New Mexico Judge Rules Inmates Have A Right To Medical Cannabis

In a groundbreaking decision, a state district judge in New Mexico ruled in favor of inmates having access to medical cannabis.
New Mexico Judge Rules Inmates Have A Right To Medical Marijuana
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A state district judge in New Mexico has ruled that inmates and parolees have a right to use medical marijuana and that correctional institutions must provide access to cannabis to qualified patients, even if they are behind bars. Last week’s ruling from 2nd Judicial District Judge Lucy Solimon was entered in a lawsuit against Bernalillo County’s Metropolitan Detention Center brought by Joe Montaño, an Albuquerque resident who was convicted of drunk driving in 2019.

After Montaño was convicted, he successfully completed a court-ordered mental health treatment program and was allowed to serve a 90-day jail sentence under house arrest. Among the conditions for the sentence was a requirement that Montaño not use illegal drugs. After authorities learned of Montaño’s use of medical marijuana, he was jailed for more than 30 days for violating the terms of his sentence.

Attorneys for Bernalillo County argued that because cannabis is still illegal under federal law, Montaño’s use of medical marijuana “was a violation of law contrary to his agreement to comply with all city, county, state and federal laws and ordinances.”

Solimon ruled that as a qualified medical marijuana patient, Montaño had the right to use medical marijuana under New Mexico law. Montaño is represented by attorney and Democratic state Sen. Jacob Candelaria, who said in an interview with local media on Thursday that the ruling applies not only to those under house arrest or on probation, but also sets a precedent for all incarcerated individuals in the state who are qualified medical marijuana patients.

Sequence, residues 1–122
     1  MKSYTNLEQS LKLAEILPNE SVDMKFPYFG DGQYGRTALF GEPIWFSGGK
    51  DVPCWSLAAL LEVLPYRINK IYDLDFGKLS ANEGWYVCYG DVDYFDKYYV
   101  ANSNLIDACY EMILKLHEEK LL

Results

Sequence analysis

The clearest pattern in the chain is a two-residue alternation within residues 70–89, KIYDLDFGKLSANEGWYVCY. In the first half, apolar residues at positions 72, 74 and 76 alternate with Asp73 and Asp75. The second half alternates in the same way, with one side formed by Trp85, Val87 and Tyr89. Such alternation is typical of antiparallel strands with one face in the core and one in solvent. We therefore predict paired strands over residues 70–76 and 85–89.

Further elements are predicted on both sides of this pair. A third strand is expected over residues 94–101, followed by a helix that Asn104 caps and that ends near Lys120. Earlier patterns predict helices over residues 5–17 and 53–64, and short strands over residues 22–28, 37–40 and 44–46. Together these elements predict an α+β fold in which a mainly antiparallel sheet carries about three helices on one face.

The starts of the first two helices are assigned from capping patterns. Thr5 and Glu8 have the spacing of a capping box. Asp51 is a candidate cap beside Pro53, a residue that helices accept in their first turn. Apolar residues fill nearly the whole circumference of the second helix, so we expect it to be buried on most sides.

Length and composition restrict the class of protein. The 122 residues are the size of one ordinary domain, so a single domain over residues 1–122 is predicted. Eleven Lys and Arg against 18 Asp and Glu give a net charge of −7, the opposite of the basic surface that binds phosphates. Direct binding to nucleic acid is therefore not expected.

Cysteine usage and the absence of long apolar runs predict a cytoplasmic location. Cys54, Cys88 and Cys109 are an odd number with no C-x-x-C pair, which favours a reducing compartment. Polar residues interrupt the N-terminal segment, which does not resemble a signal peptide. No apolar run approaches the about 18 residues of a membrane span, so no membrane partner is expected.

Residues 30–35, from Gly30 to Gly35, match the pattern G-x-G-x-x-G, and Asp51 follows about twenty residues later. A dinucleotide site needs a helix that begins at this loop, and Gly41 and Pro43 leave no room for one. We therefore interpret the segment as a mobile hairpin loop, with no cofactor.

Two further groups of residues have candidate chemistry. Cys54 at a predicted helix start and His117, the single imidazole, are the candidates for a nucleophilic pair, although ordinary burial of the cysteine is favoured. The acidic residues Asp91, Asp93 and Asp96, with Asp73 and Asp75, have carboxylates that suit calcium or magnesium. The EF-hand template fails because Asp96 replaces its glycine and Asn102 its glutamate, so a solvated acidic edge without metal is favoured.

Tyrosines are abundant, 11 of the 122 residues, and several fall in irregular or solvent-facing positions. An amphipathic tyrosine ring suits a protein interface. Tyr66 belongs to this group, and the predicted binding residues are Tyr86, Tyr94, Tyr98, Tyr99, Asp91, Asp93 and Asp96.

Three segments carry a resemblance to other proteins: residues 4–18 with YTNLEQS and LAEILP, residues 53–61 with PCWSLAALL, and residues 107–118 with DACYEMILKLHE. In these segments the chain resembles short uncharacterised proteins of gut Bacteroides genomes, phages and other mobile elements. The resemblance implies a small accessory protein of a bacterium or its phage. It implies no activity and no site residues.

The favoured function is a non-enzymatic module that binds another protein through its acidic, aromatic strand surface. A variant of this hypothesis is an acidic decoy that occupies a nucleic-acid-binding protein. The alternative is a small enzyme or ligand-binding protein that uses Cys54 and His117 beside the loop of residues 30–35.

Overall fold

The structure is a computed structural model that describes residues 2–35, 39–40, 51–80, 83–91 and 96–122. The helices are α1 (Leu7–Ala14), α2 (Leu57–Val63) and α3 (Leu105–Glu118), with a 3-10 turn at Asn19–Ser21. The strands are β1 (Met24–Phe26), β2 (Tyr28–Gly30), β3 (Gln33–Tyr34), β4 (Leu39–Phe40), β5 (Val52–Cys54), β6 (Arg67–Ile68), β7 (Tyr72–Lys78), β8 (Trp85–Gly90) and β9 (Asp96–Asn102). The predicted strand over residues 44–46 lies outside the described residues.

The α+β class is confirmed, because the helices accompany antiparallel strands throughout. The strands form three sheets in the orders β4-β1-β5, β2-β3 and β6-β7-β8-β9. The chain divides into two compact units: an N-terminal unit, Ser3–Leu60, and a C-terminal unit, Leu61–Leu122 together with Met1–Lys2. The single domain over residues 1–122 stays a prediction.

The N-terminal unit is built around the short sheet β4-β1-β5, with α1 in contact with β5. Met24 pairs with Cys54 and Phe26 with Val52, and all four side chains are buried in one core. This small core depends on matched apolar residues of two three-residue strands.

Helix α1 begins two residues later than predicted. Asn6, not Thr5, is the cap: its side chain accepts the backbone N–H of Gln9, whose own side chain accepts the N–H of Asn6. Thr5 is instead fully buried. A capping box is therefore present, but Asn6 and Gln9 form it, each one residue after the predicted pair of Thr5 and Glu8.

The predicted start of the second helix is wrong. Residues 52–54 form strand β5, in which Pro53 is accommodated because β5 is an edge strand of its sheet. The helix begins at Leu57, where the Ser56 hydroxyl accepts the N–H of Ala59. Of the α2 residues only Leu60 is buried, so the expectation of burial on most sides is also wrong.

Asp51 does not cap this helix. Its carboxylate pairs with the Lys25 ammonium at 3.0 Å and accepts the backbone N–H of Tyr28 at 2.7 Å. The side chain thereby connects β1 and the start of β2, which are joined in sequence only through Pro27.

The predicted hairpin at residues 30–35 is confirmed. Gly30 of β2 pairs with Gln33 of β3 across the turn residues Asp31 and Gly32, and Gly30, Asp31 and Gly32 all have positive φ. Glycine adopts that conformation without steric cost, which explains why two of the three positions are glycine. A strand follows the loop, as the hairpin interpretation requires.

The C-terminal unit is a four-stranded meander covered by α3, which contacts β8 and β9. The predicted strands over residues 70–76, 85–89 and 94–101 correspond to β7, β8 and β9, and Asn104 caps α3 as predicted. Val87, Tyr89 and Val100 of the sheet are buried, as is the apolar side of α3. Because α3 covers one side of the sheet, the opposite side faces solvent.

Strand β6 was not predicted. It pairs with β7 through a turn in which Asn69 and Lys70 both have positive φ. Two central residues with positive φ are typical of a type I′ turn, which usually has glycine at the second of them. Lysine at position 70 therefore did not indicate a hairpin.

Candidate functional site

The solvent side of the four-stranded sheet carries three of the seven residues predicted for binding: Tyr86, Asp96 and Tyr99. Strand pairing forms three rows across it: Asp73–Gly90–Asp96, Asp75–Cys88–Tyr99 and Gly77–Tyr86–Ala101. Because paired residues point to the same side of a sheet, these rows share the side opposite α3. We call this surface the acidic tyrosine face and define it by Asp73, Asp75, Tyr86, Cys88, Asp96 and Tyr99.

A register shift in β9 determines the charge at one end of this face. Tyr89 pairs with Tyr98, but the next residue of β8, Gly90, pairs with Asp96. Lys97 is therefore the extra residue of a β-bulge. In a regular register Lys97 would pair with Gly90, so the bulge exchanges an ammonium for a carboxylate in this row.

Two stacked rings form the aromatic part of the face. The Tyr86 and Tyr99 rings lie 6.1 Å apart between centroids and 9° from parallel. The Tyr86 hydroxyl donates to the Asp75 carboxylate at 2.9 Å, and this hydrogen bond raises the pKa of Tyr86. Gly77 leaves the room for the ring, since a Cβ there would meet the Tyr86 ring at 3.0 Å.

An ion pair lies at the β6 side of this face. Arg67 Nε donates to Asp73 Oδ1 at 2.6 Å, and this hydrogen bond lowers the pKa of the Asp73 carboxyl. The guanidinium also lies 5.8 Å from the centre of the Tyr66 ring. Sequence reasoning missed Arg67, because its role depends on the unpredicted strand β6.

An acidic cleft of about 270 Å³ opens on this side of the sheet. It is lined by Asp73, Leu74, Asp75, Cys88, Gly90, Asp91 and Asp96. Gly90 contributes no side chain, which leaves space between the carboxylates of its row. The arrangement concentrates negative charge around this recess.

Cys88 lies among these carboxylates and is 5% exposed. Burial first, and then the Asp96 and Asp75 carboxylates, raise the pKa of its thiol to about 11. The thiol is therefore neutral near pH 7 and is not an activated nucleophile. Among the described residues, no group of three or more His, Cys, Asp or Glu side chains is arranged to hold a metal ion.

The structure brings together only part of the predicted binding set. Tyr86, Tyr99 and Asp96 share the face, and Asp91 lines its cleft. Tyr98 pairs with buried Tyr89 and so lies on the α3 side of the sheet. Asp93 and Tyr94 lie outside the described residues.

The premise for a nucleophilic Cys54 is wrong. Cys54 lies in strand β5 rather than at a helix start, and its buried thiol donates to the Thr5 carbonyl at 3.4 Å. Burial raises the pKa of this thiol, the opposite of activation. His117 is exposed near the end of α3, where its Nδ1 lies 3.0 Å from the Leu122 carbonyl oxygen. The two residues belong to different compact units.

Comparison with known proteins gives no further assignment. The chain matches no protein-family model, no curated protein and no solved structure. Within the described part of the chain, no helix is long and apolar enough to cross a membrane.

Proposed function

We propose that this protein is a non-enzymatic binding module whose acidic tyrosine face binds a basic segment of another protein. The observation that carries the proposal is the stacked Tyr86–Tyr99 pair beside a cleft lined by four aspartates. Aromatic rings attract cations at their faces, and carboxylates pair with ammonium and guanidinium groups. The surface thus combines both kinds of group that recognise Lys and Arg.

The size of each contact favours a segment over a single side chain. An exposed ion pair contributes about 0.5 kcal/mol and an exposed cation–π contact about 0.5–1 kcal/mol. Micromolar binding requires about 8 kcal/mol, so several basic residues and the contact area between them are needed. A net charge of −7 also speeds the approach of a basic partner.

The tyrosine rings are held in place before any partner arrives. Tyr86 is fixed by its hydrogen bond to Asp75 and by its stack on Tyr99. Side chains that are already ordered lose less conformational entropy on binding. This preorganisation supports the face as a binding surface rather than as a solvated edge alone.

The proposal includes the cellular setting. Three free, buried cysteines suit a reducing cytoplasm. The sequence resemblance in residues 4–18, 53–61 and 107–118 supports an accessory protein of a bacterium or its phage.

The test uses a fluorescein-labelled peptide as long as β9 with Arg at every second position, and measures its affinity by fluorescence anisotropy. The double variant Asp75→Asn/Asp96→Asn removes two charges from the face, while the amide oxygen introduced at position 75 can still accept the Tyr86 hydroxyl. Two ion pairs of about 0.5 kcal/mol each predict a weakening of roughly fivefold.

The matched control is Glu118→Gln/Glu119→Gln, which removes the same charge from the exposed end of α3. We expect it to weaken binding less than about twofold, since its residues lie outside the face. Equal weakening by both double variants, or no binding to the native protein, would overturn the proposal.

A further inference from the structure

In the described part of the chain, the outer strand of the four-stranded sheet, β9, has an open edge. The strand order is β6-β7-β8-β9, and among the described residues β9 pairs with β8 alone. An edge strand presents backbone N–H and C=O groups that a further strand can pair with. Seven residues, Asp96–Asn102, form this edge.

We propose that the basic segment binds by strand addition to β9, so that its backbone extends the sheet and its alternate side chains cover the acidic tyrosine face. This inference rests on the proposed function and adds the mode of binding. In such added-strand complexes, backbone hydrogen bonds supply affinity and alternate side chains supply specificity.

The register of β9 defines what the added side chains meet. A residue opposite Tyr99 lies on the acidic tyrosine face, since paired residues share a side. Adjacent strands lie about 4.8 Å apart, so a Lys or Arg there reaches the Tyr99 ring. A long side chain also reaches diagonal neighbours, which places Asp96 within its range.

“There’s no discretion under the Medical Cannabis Act. You must allow this,” Candelaria said. “While the criminal industrial complex may have pushback or some concerns — take those to the Legislature. Because until such time as the Legislature changes the law, the law is clear: You must under existing law provide incarcerated persons with the ability to access medical cannabis free from penalty. That’s the law.”

Judge’s Ruling Lauded

Duke Rodriguez, CEO and president of Ultra Health, New Mexico’s largest medical marijuana provider with 23 dispensaries in the state, praised Solimon’s ruling in the case and said that it upholds the intentions of legislation that legalized the use of medical marijuana in New Mexico in 2007.

“This is a major victory not only for Mr. Montaño, but for every medical cannabis patient in New Mexico and across the United States,” Rodriquez said in a statement from the company. “This ruling exemplifies the spirit of the Lynn and Erin Compassionate Use Act: that cannabis is medicine and every patient deserves the legal right to access their medicine.”

Candelaria said that he is prepared to file legal action against any correctional facilities that fail to implement Solimon’s ruling.  A spokesman for the attorney general’s office, which would defend the state in a potential lawsuit, declined to comment on any impending legal action.

“Our office doesn’t oversee state prisons, so that would probably be better answered by the Department of Corrections,” Baca said.

Candelaria said that attempts by jails or prisons to limit access to medical marijuana would be “disappointing, and the remedy will be more litigation.”

“As a lawyer, it’s not every day that a decision of this import and breadth happens in your career,” he added, noting the significance of the ruling. “This is a big one.”

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